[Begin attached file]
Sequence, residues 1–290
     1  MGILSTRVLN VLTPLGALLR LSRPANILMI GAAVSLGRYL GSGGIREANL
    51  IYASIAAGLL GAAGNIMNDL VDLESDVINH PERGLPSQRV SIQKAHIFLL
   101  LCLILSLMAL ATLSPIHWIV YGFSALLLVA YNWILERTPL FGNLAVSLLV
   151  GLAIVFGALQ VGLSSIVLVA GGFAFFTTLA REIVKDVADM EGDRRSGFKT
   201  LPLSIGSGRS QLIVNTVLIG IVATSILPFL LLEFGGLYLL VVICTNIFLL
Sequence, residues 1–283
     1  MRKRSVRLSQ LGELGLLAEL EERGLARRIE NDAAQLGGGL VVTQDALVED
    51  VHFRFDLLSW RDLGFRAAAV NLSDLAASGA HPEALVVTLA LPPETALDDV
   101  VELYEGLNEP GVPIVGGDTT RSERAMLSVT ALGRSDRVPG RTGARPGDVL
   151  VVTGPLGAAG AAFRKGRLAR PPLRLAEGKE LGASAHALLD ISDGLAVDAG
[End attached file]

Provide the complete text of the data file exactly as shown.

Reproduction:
Sequence, residues 1–290
     1  MGILSTRVLN VLTPLGALLR LSRPANILMI GAAVSLGRYL GSGGIREANL
    51  IYASIAAGLL GAAGNIMNDL VDLESDVINH PERGLPSQRV SIQKAHIFLL
   101  LCLILSLMAL ATLSPIHWIV YGFSALLLVA YNWILERTPL FGNLAVSLLV
   151  GLAIVFGALQ VGLSSIVLVA GGFAFFTTLA REIVKDVADM EGDRRSGFKT
   201  LPLSIGSGRS QLIVNTVLIG IVATSILPFL LLEFGGLYLL VVICTNIFLL
Sequence, residues 1–283
     1  MRKRSVRLSQ LGELGLLAEL EERGLARRIE NDAAQLGGGL VVTQDALVED
    51  VHFRFDLLSW RDLGFRAAAV NLSDLAASGA HPEALVVTLA LPPETALDDV
   101  VELYEGLNEP GVPIVGGDTT RSERAMLSVT ALGRSDRVPG RTGARPGDVL
   151  VVTGPLGAAG AAFRKGRLAR PPLRLAEGKE LGASAHALLD ISDGLAVDAG